Alum of the Month: Ron Brash

VIU Alum of the Month: Ron Brash

Cybersecurity industry expert Ron Brash, VIU alum of the month.

October 20, 2020 - 3:15pm

A passion for tinkering with computer programs and designing web pages led Ron Brash to start his first year of VIU’s Information Technology and Applied Systems (ITAS) diploma program while he was still in high school. Through a partnership program between Nanaimo Ladysmith School District and VIU that allows public school students to take university courses in their senior years, Ron took his first steps into the world of information technology and is now a renowned cybersecurity industry expert. His skill set has earned him a spot on Control Engineering’s  Engineering Leaders Under 40, Class of 2020.    

How did your time at VIU influence your career path?

VIU was a stepping stone to something larger. I graduated with an ITAS diploma in 2008. VIU helped provide the basic skills to get started in a career working with technology, to gain the mindset needed to handle a variety of problems, and it also gave me the confidence to take initiative and figure things out for myself. The ITAS program helped me get my first real industry job with an iconic Nanaimo business, which has since relocated to the Silicon Valley, called Tofino Security, and that job stemmed from an ITAS practicum. Secondly, the curriculum at the time was heavily open-sourced, and that gave me the skills to enter my first foray into technical networking and Linux, which ultimately led me to a passion for cybersecurity and my current career.

 

What are you doing now?

As of this moment, I’m based in Montreal. I wear a few hats, and have progressed from my VIU days as a technical technician, to embedded software developer, to consultancy owner, to bringing a variety of products to market, to published co-author, and being a subject matter expert at Deloitte. I am now the Director at Verve Industrial Protection, a leading industrial cybersecurity firm, where I work to secure critical infrastructure across the world. I dabble in start-ups, speak at global industry events, have my hands in many technical “cookie jars”, and, most recently, received the honour of being recognized as a top 40 engineering leader under the age of 40. I never know what is next, and every day is different.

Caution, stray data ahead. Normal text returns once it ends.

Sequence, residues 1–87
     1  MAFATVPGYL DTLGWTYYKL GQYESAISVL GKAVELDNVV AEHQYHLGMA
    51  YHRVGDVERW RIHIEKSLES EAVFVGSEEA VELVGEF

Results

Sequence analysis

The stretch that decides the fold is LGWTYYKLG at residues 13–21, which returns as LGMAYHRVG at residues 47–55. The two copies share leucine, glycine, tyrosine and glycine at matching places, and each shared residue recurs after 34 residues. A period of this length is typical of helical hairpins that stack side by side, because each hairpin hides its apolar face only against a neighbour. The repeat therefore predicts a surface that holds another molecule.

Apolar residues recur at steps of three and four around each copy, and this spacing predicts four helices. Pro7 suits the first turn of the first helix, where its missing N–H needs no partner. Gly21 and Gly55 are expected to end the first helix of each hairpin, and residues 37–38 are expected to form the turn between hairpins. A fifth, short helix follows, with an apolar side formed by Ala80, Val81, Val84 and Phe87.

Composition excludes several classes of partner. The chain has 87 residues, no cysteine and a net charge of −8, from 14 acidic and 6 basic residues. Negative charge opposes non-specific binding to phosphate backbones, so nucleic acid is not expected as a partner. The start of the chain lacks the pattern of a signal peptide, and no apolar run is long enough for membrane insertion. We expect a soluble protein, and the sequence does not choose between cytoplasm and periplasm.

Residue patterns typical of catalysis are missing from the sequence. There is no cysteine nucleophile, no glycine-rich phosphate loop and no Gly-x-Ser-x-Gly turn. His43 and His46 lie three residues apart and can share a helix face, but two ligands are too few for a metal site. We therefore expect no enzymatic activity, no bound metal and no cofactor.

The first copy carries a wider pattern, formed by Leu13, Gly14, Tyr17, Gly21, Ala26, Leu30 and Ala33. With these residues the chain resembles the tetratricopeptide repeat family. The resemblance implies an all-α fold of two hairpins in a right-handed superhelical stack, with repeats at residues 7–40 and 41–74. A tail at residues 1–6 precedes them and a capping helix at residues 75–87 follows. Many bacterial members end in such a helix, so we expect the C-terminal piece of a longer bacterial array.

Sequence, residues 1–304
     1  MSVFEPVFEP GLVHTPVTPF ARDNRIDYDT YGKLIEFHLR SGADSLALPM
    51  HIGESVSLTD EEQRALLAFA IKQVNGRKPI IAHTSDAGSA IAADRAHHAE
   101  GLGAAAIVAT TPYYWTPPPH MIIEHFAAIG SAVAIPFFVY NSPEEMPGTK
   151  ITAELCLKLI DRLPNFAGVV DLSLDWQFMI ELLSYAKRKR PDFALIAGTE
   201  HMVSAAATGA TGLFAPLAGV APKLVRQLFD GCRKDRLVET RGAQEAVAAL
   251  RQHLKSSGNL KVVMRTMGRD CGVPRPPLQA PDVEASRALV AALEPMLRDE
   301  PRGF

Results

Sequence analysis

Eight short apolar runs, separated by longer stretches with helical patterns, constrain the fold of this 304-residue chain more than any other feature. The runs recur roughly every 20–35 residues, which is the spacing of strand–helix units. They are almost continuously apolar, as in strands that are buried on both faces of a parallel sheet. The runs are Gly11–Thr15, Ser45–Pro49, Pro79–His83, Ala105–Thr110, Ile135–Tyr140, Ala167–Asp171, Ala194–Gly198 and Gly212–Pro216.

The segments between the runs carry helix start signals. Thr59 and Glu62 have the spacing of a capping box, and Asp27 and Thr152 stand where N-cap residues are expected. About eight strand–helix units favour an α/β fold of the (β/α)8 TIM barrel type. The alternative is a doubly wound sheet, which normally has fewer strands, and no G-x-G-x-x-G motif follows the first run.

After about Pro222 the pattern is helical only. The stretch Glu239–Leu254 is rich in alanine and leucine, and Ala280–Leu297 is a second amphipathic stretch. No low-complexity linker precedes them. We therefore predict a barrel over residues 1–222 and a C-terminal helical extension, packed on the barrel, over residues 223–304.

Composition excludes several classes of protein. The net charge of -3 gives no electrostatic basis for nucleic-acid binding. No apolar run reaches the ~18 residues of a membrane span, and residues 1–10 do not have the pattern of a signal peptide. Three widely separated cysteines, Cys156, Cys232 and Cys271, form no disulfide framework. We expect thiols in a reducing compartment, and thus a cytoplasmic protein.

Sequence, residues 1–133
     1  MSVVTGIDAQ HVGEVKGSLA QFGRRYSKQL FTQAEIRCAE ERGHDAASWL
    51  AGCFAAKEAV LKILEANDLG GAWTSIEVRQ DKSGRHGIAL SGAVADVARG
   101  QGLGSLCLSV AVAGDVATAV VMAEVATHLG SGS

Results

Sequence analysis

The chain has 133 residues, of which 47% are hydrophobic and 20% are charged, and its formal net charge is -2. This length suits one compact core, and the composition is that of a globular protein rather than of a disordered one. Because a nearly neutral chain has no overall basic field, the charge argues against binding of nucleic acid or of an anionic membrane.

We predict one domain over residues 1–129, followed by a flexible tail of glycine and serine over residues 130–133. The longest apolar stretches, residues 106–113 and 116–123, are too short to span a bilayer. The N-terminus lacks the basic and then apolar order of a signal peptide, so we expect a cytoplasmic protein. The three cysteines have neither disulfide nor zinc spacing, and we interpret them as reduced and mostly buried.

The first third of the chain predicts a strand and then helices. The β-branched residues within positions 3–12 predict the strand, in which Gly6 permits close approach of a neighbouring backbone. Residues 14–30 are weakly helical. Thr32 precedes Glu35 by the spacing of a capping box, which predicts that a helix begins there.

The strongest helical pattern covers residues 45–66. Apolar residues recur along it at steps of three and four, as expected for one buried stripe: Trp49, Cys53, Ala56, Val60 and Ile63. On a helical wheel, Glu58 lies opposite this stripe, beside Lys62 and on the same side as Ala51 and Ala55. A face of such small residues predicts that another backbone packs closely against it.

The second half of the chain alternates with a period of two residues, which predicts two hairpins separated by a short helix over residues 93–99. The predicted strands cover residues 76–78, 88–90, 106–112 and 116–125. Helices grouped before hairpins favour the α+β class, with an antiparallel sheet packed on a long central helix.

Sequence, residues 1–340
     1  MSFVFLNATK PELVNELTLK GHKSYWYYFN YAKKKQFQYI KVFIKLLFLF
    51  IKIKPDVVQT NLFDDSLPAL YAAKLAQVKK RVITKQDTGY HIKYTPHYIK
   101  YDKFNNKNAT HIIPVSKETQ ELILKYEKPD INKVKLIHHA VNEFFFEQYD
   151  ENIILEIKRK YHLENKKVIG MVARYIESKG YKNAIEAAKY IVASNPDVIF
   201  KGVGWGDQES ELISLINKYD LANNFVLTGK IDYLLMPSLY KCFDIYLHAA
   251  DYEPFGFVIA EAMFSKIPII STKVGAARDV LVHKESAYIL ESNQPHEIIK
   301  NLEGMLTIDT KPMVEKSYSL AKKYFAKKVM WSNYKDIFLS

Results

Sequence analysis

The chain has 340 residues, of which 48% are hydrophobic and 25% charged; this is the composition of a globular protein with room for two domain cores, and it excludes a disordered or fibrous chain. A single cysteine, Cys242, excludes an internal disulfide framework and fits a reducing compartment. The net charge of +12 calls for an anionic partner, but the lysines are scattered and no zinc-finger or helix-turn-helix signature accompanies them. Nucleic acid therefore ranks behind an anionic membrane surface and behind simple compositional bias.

How are you staying connected with your VIU family?

Besides a couple of Facebook groups, I reach out every now and then to host a quick seminar about what is possible after ITAS. I was one of the first students to get a bachelor’s degree after earning my diploma and one of the few ITAS graduates that have completed a master’s degree in computer science to my knowledge. There might also be remnants of an introductory cybersecurity class I created for ITAS students as a past emergency instructor; I guess I’m like the ghost of Christmas past.

 

What advice would you give new VIU grads?

Try to take an interest in everything taught in the program, even if it does not directly relate to your immediate reality or vision. You just never know when something will arise later in life, and you have an “aha” moment to remind you that you have some knowledge to get started with.

 

My other piece of advice is don’t forget that your education and career does not end when you graduate. The ITAS program is just the start, and while school can teach you many skills, your development, objectives and career path are up to you. No amount of education can necessarily prepare you for that, but at least complete it so it can never be taken away from you; even when life takes a turn for the worst. Don’t forget to take care of your mental health – there is more to the equation of life, including life balance or “soft” emotional skills, to help you succeed with others, to help get you promoted and to manage bigger endeavours.

 

What is next for you?

Currently, a lot of things, including aiming to “retire” in the next five years so I can work on projects that I want to versus have to, but I’m also looking to pursue a PhD in Computer Science that explores modeling the relationships between software and the systems responsible for safety in industrial environments; both of which are critical pieces of technology invisibly holding society together by providing electricity, water, and life’s necessities. For the moment everything is a bit muddled, so whatever is next, will happen next.

 

 


Tags: Information Technology and Applied Systems | Our Alumni